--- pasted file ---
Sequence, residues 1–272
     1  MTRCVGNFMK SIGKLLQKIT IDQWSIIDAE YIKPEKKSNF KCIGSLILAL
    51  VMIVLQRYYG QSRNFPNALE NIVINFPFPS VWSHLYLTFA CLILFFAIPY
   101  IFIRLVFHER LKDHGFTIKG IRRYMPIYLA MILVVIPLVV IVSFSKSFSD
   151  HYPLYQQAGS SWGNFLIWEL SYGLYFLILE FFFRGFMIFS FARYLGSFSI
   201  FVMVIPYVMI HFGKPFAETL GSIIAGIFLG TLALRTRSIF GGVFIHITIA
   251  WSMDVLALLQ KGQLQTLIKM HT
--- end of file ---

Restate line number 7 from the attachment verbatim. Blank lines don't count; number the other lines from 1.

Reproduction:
   251  WSMDVLALLQ KGQLQTLIKM HT